Is there a super index fund?


N

nonsense

The more I read about investing the more it seems that diversification
is the key. In other words don't put all your eggs in one basket. Have
a mix of stocks, bonds: mutual funds, CDs, real estate etc. The
problem is that the more you invest in so many investment products the
more time you have to spend managing all of them. So it becomes like a
full-time job just keeping track of everything. That seems to defeat
the whole purpose behind investing. you already worked hard to earn
the money and now you have to work hard to keep the money!

So is there some kind of super index fund that invests in pretty much
everything? I would think this index fund would try to match the GDP
growth of the whole world. So it kind of invests in everything
imaginable. This way you just buy one product instead of dozens and
get all the diversification that is possible. Does such a monster of
investment exist?
 
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A

Alvin

So is there some kind of super index fund that invests in pretty much
everything? I would think this index fund would try to match the GDP
growth of the whole world. So it kind of invests in everything
imaginable. This way you just buy one product instead of dozens and
get all the diversification that is possible. Does such a monster of
investment exist?
There are some globally diverse funds:
Vanguard Total World Stock ETF (VT)
SPDR S&P World EX-US ETF (GWL)
Vanguard FTSE All-World ex-US ETF (VEU)
Vanguard FTSE All-World ex-US Small-Cap Index Fund ETF (VSS)
From PowerShares:
PowerShares Autonomic Balanced Growth NFA Global Asset Portfolio (PAO)
PowerShares Autonomic Balanced NFA Global Asset Portfolio (PCA)
PowerShares Autonomic Growth NFA Global Asset Portfolio (PTO)
 
D

dapperdobbs

The more I read about investing the more it seems that diversification
is the key. In other words don't put all your eggs in one basket. Have
a mix of stocks, bonds: mutual funds, CDs, real estate etc.
[snip]

Hoping to help a bit with the rage about asset (over)
diversification ... there've been a few threads on bonds recently.
Interesting, since interest rates are scraping bottom. A few months
ago there were questions about whether or not stocks were at a bottom.
They weren't. But last year a hypothetical portfolio popped up, and a
broad-based fund for comparison.

http://www.stockalicious.com/portfolio-holdings/4710
up 19%

http://www.stockalicious.com/portfolio-holdings/4745
up 6%

It hasn't even been six months yet, but now seems a propitious time to
provide an update:) The idea was to try to show that one need not
work very hard, nor be very bright, to screen stocks whose earnings
are increasing, and companies that are honest. Granted, ten stocks is
maybe a bit of a hill, but putting some 5% money into one or two
companies that are the best of a screen, and that one has familiarized
oneself with, might be a better bet than a bond fund.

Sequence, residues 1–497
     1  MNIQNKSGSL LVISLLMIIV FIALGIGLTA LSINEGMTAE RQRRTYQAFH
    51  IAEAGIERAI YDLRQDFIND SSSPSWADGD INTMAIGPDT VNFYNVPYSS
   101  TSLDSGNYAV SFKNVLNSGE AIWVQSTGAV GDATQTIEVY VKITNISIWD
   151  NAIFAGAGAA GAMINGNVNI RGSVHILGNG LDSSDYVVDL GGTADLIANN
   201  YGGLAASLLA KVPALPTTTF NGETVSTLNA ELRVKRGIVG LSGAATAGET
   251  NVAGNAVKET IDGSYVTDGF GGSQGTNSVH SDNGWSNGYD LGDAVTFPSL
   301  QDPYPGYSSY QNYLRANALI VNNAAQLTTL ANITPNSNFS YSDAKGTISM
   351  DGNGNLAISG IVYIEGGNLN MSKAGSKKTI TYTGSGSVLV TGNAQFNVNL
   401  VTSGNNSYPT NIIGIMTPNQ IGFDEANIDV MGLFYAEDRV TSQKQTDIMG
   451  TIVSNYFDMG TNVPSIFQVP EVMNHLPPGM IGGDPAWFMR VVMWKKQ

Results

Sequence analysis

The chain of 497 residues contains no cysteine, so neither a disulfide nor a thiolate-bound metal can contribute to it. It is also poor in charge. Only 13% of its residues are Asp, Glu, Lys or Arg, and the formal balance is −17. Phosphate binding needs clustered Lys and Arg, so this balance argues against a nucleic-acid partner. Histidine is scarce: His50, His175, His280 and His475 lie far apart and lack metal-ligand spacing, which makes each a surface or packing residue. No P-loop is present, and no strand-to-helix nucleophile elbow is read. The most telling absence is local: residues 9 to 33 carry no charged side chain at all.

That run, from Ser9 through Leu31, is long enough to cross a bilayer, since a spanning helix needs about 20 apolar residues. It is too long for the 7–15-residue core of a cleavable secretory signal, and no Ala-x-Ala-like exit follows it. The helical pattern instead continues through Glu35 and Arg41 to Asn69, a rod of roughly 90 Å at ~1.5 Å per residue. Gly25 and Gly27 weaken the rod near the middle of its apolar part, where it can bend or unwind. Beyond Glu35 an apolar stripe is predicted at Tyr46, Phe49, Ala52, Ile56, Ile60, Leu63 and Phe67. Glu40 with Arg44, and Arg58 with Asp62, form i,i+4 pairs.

Please note this is not a recommendation of any specific stock nor
collection of stocks - just a suggestion that it is fun to do this
hypothetical portfolio thing :) I once owned a mutual fund - it was
more work trying to keep track of their 60 some odd ever-changing
stocks, and their short and long term gains and reinvestments, than it
was to keep track of ten stocks' annual reports, and the fund went
essentially nowhere.
 
D

Douglas Johnson

The more I read about investing the more it seems that diversification
is the key. In other words don't put all your eggs in one basket. Have
a mix of stocks, bonds: mutual funds, CDs, real estate etc. The
problem is that the more you invest in so many investment products the
more time you have to spend managing all of them.
You're right. Diversification is key. But you don't need to make it all that
complicated.

Mutual funds are just a way of buying stocks and bonds, so you don't need to
buy individual stocks and bonds unless you want to.

The Vanguard Balanced Index fund being discussed in another thread gives you
excellent diversification all by itself. If you own a home, you are probably
over exposed to real estate already, but you could buy a REIT fund if you'd like
a little more. Go to your bank and get CDs for whatever money you expect to
need in the next three to five years.

If you want to keep it simple, you're done. You might want to add an
international fund, but now we are getting fancy.

-- Doug
 
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B

Beliavsky

So is there some kind of super index fund that invests in pretty much
everything?
I would not buy such a product in a taxable account, because it makes
it difficult to harvest tax losses.

For example, if the fund owns municipal bonds and stocks, it is
possible that the stocks go down and the muni bonds up, and I am
forced to realize gains on the bonds if I want to sell fund shares to
realize the stock losses.
 

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